Turgut Reis

 

German battleship SMS Wiessenburg before 1910 when she was sold to Turkey and renamed as Turgut Reis.

(Piotr Nykiel's collection)

SMS Wiessenburg

(Andrzej Danilewicz's collection)

Turgut Reis

(Piotr Nykiel's collection)

Turgut Reis

(E. F. Rochat - Piotr Nykiel's collection)

Turgut Reis in İskenderun (Alexandretta)

(Hussein Ikbal & frères - Piotr Nykiel's collection)

Turgut Reis' stern turret with her main 280 mm L/40 guns settled in 1936 on the Asiatic side of the Dardanelles as "Turgut Reis Battery".

(Photo: Piotr Nykiel)

Turgut Reis' midship turret with 280 mm L/35 guns.

(Photo: Piotr Nykiel)

Interior of the stern turret with left-side Krupp gun.

(Photo: Piotr Nykiel)

Left-side Krupp gun in the stern turret.

(Photo: Piotr Nykiel)

Left-side Krupp gun in the stern turret.

(Photo: Piotr Nykiel)

Left-side Krupp gun in the stern turret.

(Photo: Piotr Nykiel)

Ammunition lift of the right-side gun in the rear section of the midship turret.

(Photo: Piotr Nykiel)

Ammunition lift of the right-side gun in the rear section of the midship turret.

(Photo: Piotr Nykiel)

Right-side hatch in the rear section of the midship turret.

(Photo: Piotr Nykiel)

Breech of the right-side gun in the midship turret (in top right corner) seen from the interior of the turret’s barbette.

(Photo: Piotr Nykiel)

Right side of the midship turret with the descent to the barbette.

(Photo: Piotr Nykiel)

 

Barbaros Hayrettin

 

SMS Kurfürßt Friedrich Wilhelm in 1899, eleven years before she was sold to Turkey.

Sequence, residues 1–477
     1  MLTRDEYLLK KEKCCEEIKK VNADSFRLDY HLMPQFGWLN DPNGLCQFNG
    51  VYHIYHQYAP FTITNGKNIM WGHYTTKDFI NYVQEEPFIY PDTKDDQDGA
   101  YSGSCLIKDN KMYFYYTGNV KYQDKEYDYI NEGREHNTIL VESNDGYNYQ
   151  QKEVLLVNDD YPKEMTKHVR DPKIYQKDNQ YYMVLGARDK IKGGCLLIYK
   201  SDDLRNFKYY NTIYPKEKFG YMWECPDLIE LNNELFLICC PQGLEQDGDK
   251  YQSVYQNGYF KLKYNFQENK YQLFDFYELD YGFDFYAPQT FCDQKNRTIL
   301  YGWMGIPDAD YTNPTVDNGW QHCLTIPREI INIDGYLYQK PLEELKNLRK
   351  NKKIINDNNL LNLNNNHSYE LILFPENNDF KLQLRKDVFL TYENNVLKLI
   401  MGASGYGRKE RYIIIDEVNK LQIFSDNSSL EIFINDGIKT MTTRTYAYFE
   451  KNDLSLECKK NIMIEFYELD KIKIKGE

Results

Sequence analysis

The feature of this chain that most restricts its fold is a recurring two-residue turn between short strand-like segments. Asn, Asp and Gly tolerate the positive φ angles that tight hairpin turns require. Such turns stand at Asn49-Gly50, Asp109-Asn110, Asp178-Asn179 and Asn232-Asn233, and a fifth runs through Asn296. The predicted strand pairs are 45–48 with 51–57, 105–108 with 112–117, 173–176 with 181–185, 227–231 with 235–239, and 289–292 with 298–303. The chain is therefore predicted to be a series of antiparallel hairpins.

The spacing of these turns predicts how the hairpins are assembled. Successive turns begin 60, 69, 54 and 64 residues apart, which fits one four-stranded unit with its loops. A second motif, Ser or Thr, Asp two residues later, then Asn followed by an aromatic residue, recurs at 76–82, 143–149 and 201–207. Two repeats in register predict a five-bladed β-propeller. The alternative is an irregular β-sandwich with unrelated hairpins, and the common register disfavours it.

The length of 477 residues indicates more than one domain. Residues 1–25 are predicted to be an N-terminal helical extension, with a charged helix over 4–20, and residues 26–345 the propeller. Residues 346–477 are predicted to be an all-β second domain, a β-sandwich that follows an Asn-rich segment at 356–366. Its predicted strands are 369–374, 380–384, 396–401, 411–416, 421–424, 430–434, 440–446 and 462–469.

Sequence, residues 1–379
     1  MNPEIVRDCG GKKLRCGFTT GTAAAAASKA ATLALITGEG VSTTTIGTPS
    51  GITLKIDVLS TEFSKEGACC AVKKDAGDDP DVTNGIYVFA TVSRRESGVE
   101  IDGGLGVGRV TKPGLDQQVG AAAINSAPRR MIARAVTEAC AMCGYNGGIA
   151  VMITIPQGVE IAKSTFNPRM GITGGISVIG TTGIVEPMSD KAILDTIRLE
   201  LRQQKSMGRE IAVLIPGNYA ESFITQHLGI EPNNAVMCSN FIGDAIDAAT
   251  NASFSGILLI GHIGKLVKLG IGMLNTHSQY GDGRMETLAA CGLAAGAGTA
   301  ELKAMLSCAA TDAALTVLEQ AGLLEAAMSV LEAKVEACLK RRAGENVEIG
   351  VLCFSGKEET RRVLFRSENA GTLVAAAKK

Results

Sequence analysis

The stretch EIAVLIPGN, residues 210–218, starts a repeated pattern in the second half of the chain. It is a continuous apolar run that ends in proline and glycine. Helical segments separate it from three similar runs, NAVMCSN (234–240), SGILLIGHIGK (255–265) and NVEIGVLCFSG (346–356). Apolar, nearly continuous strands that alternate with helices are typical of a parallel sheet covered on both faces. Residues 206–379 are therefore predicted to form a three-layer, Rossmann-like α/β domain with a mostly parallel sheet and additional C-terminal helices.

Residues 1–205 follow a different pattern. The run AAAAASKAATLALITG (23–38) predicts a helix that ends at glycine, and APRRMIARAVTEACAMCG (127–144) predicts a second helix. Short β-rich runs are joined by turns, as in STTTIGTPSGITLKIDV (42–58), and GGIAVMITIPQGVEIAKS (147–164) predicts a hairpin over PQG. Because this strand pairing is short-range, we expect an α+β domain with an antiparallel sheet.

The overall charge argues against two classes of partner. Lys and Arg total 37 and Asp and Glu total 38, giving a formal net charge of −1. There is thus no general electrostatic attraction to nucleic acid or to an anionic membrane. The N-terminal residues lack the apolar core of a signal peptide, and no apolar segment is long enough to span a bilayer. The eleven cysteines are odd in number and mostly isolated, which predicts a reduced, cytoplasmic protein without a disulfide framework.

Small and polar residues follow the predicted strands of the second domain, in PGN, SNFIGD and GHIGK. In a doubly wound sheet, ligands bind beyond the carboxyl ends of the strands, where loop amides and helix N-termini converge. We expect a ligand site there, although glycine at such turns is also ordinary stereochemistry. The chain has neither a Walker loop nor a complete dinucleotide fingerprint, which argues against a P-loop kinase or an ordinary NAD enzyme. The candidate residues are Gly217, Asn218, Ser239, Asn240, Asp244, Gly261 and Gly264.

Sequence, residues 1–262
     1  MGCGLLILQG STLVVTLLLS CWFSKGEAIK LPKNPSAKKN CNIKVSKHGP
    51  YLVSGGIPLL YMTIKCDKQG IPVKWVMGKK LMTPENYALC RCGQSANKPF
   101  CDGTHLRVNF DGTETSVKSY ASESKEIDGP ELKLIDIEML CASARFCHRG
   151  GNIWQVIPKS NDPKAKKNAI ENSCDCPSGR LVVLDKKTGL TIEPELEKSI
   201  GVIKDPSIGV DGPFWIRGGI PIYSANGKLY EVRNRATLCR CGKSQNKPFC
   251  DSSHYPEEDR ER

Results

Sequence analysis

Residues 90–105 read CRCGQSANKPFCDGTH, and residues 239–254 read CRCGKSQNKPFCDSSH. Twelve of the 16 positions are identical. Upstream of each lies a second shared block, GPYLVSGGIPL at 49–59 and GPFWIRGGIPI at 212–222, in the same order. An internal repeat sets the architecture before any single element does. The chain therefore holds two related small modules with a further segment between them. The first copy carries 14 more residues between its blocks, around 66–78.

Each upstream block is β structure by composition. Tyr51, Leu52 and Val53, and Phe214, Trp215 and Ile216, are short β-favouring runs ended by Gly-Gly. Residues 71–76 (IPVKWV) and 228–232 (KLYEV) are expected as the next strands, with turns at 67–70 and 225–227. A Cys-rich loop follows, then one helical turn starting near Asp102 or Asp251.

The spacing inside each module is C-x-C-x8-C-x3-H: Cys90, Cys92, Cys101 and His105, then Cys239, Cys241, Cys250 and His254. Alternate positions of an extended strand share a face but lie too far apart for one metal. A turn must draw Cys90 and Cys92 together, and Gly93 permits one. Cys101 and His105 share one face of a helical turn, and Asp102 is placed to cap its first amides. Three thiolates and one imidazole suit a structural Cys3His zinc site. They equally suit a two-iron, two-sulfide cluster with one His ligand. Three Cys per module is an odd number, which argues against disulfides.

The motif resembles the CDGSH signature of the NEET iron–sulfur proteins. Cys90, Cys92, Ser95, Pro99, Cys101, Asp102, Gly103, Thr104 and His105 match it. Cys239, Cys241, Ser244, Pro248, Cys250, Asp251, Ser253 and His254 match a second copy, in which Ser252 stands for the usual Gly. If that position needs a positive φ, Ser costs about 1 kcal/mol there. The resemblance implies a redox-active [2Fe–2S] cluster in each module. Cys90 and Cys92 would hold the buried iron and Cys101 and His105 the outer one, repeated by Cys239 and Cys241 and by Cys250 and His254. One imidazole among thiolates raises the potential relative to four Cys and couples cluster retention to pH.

(Andrzej Danilewicz's collection)

SMS Kurfürßt Friedrich Wilhelm in 1899. Aft turret with two 280 mm L/40 guns.

(Andrzej Danilewicz's collection)

SMS Kurfürßt Friedrich Wilhelm in 1899. Bow turret with two 280 mm L/40 guns.

(Andrzej Danilewicz's collection)

SMS Kurfürßt Friedrich Wilhelm in 1899 during coal loding.

(Andrzej Danilewicz's collection)

SMS Kurfürßt Friedrich Wilhelm in 1899 during coal loding.

(Andrzej Danilewicz's collection)

SMS Kurfürßt Friedrich Wilhelm in 1899. Boiler room.

(Andrzej Danilewicz's collection)

SMS Kurfürßt Friedrich Wilhelm in 1899. Engine room.

(Andrzej Danilewicz's collection)

SMS Kurfürßt Friedrich Wilhelm in 1899. Ship commander's cabin.

(Andrzej Danilewicz's collection)

SMS Kurfürßt Friedrich Wilhelm in 1899. Officer's mess.

(Andrzej Danilewicz's collection)

In 1910 SMS Kurfürßt Friedrich Wilhelm was sold to Turkey and renamed as Barbaros Hayrettin. During the naval operations in the Dardanelles she was the only Ottoman battleship which engaged in combat with the Allied navy. On March 6, 1915 while conducting the indirect fire from the Narrows over the Gallipoli Peninsula she managed to damage HMS Queen Elizabeth. This fact forced the Allies to abandon their plans of shelling the forts in the Narrows with indirect fire over the peninsula.

(E. F. Rochat - Piotr Nykiel's collection)

 

Mesudiye

 

Mesudiye - victim of the British submarine B 11. On December 13, 1914 she was the first ship to be lost by the Turks in the Dardanelles.

(Piotr Nykiel's collection)

Mesudiye

(Piotr Nykiel's collection)

Mesudiye

(Piotr Nykiel's collection)

Mesudiye

(Piotr Nykiel's collection)

Mesudiye

(Piotr Nykiel's collection)

An Ottoman propaganda postcard printed in ca 1904. It shows (from the left): sultan’s official yacht Ertuğrul, protected cruisers Mecidiye and Hamidiye, and battleship Mesudiye (on the bottom).

(Richard Cox' collection)

 

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